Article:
Synonyms for carpay or Related words with carpay

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Examples of "carpay"
Franciscus Hubertus Johannes "Frank" Carpay (13 July 1917 – 12 September 1985) was a New Zealand designer.
Museum of New Zealand "Te Papa Tongarewa", Biography of Frank Carpay, accessed 24/11/20
"Considering Frank Carpay" by Louis Le Vailant, Art New Zealand, Issue 109
Carpay developed his screenprinting business "Frank Carpay Designs Limited" and branched out into beach towels and beach wear printing onto white towelling. When a shipment of imported fabric was found to be faulty in the early 1970s the business was unable to survive, and he returned to design commissions.
Carpay established his own small commercial pottery in Tegelen. The business was not successful, and he returned to work as a graphic designer.
Frank Carpay died in 1985. In 2000 his wife donated an extensive collection of ceramics, textiles, drawings and prints to the Hawke's Bay Museum.
While unemployed Carpay had written to John Allum, the Mayor of Auckland, New Zealand, asking for the name of a pottery where he could find work. This letter was passed to Tom Clark of Crown Lynn who was developing a "Specials Department" and actively recruiting. Carpay arrived in 1953 and joined other artisans including Mirek Smisek and Ernest Shufflebotham. The intent of the "Specials Department" was to produce more upmarket works from Crown Lynn's existing commercial production-line wares. Carpay began to use his existing ideas on numerous readymade production line blanks. These one-off designs were meant to go into wider production as part of the "Handwerk" range but although his work was accepted into art society exhibition and was critically acclaimed the designs were not well received by consumers. In 1956 Carpay was laid off.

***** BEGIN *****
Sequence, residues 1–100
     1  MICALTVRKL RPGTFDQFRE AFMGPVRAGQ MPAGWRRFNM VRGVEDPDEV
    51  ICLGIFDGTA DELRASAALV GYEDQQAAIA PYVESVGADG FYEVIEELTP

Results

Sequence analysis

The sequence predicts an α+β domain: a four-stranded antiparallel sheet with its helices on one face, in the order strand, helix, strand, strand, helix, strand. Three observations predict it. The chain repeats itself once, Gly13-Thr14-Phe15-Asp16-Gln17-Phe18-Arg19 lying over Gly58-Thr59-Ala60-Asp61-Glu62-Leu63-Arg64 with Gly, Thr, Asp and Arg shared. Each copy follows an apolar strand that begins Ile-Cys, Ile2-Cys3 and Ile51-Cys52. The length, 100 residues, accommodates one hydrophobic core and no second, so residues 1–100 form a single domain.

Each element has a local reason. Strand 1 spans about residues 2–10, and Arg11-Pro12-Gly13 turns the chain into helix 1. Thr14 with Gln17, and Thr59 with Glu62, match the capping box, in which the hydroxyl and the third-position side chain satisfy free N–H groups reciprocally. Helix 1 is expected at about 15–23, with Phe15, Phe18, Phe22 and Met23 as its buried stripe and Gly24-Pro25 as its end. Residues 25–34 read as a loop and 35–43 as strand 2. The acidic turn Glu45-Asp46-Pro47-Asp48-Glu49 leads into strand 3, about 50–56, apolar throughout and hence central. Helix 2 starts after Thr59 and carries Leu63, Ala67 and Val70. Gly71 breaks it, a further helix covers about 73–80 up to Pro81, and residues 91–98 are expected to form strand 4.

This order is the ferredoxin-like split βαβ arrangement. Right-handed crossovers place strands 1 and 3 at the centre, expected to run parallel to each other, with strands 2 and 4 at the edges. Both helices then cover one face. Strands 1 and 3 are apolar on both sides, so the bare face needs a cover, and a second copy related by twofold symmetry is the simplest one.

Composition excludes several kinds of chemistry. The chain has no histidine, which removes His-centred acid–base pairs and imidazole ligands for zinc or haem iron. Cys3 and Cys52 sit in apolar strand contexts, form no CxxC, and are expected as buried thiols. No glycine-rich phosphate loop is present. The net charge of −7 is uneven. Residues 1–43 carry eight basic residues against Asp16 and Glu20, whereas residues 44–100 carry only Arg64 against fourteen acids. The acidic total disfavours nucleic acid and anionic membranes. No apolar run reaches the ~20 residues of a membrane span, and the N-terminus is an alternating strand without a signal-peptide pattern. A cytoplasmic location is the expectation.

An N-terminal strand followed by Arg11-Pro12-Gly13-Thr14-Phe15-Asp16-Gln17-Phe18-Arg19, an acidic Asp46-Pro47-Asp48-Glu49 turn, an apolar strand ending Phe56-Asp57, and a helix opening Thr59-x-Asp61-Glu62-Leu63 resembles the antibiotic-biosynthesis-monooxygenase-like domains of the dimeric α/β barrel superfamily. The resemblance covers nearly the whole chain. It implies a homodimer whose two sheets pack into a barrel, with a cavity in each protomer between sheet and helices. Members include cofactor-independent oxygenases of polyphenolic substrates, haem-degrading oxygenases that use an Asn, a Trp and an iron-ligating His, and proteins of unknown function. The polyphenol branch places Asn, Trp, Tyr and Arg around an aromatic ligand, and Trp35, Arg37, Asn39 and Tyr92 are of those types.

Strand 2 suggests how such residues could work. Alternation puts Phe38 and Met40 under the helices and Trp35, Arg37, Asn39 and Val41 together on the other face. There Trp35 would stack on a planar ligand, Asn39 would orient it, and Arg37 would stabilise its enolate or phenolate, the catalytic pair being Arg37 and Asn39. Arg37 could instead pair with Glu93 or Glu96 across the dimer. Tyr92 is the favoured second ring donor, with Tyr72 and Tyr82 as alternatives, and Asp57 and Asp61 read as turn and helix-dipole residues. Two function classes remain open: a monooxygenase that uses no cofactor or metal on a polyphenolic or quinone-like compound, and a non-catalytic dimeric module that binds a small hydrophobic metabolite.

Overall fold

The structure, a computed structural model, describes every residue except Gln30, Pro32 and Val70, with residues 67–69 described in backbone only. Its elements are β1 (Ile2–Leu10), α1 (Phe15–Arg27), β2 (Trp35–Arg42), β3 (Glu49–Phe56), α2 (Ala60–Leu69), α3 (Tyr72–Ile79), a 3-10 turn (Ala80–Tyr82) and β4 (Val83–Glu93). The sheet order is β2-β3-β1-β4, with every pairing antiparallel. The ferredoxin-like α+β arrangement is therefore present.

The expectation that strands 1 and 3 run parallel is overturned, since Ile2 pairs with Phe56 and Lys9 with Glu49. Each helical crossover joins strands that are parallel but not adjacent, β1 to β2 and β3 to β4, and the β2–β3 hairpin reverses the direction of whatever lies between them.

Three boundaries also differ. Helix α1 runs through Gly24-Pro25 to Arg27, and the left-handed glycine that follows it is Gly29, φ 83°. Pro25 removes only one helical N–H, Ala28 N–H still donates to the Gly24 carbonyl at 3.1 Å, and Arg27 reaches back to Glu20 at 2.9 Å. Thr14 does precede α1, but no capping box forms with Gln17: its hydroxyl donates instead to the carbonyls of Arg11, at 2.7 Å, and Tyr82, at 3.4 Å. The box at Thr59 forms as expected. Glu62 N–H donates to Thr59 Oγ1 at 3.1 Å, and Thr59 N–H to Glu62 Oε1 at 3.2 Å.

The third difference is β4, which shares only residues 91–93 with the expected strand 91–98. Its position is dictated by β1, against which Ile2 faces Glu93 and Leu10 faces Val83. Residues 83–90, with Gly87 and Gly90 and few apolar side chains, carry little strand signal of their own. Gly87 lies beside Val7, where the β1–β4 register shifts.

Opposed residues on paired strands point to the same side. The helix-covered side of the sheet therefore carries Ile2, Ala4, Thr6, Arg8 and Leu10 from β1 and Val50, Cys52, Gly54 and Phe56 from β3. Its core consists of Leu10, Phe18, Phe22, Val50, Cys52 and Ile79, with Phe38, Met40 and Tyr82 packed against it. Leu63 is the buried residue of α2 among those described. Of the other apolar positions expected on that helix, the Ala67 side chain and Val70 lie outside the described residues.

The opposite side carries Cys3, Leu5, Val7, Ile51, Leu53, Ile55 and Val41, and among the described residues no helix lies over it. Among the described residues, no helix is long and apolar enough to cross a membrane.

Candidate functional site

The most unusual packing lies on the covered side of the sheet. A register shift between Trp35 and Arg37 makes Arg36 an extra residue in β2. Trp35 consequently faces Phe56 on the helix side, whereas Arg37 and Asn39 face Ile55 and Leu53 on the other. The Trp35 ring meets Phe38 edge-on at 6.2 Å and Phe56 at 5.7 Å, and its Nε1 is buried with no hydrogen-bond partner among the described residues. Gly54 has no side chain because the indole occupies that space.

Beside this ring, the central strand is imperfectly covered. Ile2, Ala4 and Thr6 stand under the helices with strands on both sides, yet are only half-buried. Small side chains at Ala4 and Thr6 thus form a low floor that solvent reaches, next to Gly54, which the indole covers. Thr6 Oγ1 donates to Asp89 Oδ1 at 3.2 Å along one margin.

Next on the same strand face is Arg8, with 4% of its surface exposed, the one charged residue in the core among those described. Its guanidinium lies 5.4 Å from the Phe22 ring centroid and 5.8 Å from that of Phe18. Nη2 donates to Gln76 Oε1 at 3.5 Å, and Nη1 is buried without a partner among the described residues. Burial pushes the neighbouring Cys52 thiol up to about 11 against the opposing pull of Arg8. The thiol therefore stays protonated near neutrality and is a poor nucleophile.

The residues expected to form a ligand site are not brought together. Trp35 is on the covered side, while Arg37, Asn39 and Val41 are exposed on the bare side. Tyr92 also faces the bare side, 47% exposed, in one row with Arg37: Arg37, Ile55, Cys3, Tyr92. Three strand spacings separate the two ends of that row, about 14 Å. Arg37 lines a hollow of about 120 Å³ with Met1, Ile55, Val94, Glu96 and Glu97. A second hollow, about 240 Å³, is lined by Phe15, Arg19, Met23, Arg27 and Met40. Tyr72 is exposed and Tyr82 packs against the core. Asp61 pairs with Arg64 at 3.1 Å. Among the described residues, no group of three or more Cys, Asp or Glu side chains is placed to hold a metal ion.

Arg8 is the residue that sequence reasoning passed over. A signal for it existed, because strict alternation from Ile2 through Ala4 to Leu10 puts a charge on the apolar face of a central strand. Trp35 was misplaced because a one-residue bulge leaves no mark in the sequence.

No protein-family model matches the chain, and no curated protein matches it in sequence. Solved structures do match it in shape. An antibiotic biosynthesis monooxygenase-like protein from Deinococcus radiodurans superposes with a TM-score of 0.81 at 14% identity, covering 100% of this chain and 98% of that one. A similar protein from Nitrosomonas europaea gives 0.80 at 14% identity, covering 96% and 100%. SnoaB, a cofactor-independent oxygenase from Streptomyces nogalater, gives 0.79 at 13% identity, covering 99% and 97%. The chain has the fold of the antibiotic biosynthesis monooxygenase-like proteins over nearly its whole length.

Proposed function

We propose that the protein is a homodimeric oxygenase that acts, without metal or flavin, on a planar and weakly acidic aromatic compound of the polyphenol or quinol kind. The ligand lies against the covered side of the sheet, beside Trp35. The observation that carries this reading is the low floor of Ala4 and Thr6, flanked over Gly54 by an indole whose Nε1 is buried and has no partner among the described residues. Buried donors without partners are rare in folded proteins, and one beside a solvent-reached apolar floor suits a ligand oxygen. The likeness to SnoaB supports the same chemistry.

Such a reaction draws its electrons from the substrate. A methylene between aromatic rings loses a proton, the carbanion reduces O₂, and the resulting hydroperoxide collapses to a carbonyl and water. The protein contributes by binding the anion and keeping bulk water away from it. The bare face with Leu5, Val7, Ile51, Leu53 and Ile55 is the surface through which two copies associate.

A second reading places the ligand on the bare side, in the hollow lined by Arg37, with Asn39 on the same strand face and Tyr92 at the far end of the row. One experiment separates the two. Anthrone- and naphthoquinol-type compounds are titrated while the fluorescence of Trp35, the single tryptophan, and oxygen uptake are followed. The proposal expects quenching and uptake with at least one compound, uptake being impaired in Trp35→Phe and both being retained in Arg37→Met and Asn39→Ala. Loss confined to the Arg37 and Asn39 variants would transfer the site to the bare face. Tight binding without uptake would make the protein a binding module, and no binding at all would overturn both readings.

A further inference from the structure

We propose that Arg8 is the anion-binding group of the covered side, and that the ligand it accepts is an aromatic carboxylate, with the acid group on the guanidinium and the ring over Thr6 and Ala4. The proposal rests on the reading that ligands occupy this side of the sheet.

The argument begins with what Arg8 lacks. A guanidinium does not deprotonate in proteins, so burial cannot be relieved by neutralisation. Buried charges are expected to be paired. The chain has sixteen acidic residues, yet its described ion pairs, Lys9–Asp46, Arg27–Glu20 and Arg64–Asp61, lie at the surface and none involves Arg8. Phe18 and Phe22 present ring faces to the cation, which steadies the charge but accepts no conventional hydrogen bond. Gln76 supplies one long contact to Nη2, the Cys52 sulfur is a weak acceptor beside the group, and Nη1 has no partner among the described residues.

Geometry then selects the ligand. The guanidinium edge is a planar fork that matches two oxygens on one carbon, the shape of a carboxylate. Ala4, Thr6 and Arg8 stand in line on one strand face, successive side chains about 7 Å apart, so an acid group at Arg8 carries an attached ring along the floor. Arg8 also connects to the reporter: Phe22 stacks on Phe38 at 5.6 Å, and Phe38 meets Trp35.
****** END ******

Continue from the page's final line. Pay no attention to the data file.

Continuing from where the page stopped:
After leaving the company in 1950 he travelled to the south of France where he met Pablo Picasso and worked at the Madoura Pottery in Valauris, France in 1950. At Picasso's insistence, Carpay met with two other pottery decorators, Roger Capron and Roger Picault, also working in Vallauris.
The museum's collection is held in trust by the Hawke's Bay Museums Trust, Ruawharo Tā-ū-rangi. The fine arts collection includes works by national figures such as Rita Angus, Roland Hipkins, Jenny Campbell, Avis Higgs, Frank Carpay, Joan Trollope and Walter Bowring.